Tags

, , , , , , , , , , , , , ,

Color is a tool.

Watch any well-made movie, and you’ll see what I mean. Some movies (such as Star Wars) use color to define a character’s alignment and/or leanings towards another side. Aladdin notably uses color to hint at danger, greed, or corruption. Military units use color as an identifier.

Color is a hint to character. Humble, soft-spoken characters will often prefer muted colors; browns, dark reds, navy, royal blue, gray, forest green. Vivid, vibrant characters love the jewel tones. And if you have a sweet little girl, princess or otherwise, she’s almost certain to like pastels.

However, color isn’t just useful in reminding the reader what sort of character he or she is dealing with at the moment. It’s also handy in setting a scene, adding to a mood. (Watch “The War Was In Color” if you don’t believe me. Then again, listen to it anyway. Even if you’re not a fan of the movie-from-which-the-fanvid-was-made. I could’ve found another one that would have also worked, but this is more fun.)

If you have not watched The Lord of the Rings, then you won’t be able to relate, but Peter Jackson masterfully uses color saturation and lighting to set the scenes, highlighting a progression through the story in a way that characterization might be able to convey, but never in the exact same way as Tolkien’s words do. However, Jackson is able to reasonably emulate Tolkien’s literary style through an art style, visual cues, and lighting.

In the Shire, the light is warm; the most common colors are green and bright yellow, and the lighting feels natural, like bright summer sunlight. As the travelers leave the Shire, the lighting moves towards grays and blues; still natural, but more like the light of a cloudy day. Rivendell is fittingly full of fall colors, as a refuge of the Elves that may be compared to their eternal autumn; the lighting is, again, natural, warm, but softer, full of memory; “sunbeams” and avenues shot with frequent lights are commonly seen in Rivendell. Upon leaving Rivendell, we are again exposed to a similar winter light. Moria’s strategically placed beams of white light against the overall dimness create a greater impression than mere blackness could, and Lothlorien is filled with a soft silver radiance, colder and purer than any other light in the whole set of movies, symbolizing the eternal refuge of the Elves in which the world is forever young.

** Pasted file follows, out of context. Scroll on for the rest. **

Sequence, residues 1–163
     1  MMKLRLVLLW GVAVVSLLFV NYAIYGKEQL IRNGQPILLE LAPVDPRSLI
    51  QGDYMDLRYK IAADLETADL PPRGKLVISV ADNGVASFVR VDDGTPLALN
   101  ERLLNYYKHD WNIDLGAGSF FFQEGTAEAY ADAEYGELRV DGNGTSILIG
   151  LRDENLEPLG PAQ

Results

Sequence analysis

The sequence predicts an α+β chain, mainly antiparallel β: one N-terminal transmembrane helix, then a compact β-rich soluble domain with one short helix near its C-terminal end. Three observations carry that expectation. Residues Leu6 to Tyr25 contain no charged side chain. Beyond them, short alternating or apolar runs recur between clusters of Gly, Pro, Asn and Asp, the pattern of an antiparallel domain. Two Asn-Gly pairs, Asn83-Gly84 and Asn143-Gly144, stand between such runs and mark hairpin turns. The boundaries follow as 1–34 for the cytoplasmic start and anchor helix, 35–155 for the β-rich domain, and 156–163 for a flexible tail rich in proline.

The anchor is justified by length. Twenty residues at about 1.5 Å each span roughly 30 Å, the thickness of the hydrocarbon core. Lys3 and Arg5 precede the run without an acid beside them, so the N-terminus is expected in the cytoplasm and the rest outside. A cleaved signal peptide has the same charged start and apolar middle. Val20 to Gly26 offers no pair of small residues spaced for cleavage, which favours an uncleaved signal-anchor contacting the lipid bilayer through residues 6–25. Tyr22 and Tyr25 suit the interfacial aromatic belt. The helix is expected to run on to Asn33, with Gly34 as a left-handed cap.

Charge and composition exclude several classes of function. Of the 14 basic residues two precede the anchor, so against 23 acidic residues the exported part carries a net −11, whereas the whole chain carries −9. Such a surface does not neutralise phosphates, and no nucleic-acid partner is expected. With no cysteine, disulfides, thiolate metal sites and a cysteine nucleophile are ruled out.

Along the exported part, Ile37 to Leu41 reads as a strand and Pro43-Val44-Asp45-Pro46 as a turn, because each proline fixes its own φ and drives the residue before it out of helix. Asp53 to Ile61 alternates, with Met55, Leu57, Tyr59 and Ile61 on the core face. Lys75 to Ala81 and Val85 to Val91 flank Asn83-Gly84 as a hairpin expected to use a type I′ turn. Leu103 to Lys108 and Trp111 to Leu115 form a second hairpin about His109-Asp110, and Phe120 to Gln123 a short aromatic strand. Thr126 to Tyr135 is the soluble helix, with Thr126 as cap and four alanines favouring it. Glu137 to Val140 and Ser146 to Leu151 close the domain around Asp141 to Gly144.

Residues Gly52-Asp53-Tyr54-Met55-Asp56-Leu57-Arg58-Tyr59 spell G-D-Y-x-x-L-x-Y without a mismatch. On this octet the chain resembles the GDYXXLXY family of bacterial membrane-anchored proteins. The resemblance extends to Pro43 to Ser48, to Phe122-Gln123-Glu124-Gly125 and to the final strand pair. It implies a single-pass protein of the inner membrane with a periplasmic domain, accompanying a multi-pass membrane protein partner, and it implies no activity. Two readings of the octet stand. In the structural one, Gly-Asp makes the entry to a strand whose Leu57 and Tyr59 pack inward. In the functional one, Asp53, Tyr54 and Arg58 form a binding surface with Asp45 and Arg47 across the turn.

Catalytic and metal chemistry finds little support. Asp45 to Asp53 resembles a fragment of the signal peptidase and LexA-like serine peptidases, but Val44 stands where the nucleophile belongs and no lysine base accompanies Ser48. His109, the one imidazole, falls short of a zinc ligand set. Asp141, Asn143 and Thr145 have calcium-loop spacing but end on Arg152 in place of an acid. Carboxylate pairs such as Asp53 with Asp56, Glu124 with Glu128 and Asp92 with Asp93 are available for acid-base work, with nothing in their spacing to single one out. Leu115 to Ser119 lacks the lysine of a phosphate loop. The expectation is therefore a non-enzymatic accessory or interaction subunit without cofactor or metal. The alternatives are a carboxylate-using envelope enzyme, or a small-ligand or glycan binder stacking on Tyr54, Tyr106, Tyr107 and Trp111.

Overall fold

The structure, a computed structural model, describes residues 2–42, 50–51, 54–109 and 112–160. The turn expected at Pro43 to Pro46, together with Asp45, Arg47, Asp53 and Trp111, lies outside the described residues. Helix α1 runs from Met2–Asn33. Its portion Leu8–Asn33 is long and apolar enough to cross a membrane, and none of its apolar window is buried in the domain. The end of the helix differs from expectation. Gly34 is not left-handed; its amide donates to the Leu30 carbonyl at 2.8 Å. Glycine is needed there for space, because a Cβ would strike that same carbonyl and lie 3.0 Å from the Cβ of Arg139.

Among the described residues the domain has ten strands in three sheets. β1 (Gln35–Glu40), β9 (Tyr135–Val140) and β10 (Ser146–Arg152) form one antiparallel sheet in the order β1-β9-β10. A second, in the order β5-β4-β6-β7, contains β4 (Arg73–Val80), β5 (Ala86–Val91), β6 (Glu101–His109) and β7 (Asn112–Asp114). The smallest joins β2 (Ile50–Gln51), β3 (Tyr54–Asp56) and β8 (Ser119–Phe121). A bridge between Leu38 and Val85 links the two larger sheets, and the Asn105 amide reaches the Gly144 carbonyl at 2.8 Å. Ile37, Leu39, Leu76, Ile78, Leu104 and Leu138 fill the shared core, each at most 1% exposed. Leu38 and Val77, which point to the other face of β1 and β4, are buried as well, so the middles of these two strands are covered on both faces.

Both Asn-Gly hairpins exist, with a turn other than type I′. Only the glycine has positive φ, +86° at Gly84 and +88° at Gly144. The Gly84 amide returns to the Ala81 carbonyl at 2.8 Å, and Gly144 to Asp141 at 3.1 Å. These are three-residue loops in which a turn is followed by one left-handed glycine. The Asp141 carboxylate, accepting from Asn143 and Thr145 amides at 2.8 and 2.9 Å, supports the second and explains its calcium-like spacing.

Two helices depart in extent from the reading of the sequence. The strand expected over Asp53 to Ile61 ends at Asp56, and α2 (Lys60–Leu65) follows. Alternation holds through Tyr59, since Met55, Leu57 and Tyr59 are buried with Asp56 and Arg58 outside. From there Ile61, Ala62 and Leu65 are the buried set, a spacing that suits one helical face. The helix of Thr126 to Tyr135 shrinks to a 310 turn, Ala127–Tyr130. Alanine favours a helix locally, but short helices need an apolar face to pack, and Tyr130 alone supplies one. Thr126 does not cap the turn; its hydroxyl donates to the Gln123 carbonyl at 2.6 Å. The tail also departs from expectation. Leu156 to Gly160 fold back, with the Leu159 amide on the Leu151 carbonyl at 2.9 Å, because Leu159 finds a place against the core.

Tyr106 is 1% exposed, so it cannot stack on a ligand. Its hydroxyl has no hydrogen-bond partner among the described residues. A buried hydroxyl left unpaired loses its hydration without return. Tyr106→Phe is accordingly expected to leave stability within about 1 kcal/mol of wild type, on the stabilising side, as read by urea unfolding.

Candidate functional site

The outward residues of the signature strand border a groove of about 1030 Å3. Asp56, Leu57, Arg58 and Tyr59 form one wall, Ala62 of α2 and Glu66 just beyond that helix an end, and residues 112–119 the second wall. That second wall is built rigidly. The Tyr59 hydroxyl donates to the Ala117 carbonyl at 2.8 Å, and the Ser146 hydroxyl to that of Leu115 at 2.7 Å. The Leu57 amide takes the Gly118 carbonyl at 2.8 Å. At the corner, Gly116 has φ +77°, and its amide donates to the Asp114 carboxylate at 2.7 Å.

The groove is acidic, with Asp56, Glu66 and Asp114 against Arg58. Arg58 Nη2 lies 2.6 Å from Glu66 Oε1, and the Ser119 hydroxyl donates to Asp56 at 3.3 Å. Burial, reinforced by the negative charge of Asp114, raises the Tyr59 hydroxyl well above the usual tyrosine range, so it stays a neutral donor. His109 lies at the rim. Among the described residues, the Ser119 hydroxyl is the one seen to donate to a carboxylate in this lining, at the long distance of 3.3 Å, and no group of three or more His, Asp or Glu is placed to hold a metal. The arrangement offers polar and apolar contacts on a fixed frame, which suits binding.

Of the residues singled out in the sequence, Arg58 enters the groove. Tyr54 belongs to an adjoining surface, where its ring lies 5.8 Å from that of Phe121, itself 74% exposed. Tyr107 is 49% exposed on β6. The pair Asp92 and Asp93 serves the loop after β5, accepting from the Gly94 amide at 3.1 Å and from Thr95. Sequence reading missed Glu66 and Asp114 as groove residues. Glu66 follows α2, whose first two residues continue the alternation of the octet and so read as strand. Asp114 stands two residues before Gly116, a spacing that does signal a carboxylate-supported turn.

However, it is not until The Two Towers that the lighting really takes on a role all its own. The blue, pale lights of Frodo’s journey, washing out the hobbits’ faces and making them seem paler, almost sickly, contrasting Frodo’s hair still more strongly with his skin and eyes, the drab, gooey look of the Dead Marshes, and the sickly, greasy light of the Morgul Vale reflect the growing darkness and danger of Frodo’s quest, and the poisonous lure of the Ring. Of course, it leads to the pass at Cirith Ungol and Shelob’s lair, which was nearly impossible to convey through film as written; with the dirty gray-and-white look in the movie, Jackson did a fair job. The journey culminates in the red-and-yellow-saturated Sammath Naur on Orodruin, the lighting underscoring the crux of the quest. The remaining scenes of The Return of the King have a soft, distant, dream-like quality, which is best summed up by Frodo’s quote: “We set out to save the Shire, and it has been saved; but not for me.”

The two Captain America movies and The Avengers use a similar progression of color, though more subtly than Jackson’s use in The Lord of the Rings. In The First Avenger, many of the scenes are cast in warm sepia tones, like a haven from the horrors of war; the entire film has a charming vintage-yet-unexpected look. The Avengers expertly uses shadow and light to convey a mood, while many of the scenes from The Winter Soldier (which I still have not yet seen) appear to be cast in a bluish, cloudy winter light, similar to some scenes from The Two Towers.

However, these colors are not all mutually exclusive. The First Avenger uses the chilly, cloudy natural light to hint at forebodings of ill-fortune, while certain deleted scenes from The Avengers make use of a similar sepia cast, and the forest confrontation scene uses a nighttime moonlight that is reminiscent of the blue cast from The First Avenger. While I can not say much about The Winter Soldier, I think it is safe to assume that it follows the same trend, using sepia to highlight memory or safety, pale blue light for foreboding or the realization of a horrible fate, and a chiaroscuro theme for the uncomfortable truths that will come to light (no pun intended.)

So should it be with your stories.

Not that you can pick a color scheme to symbolize every last thing in your story, but you can at least use a color scheme to evoke an emotional response in the reader, and reusing those color schemes is just a bonus to help keep the reader interested. (Readers like repeated imagery and symbolism, because it makes them feel good because they’ve been paying enough attention to notice it when it first appeared.)

Think of yourself as a filmmaker. Pick a color palette and stick with it. Use color effectively.

Thanks for reading, and God Bless!

Advertisements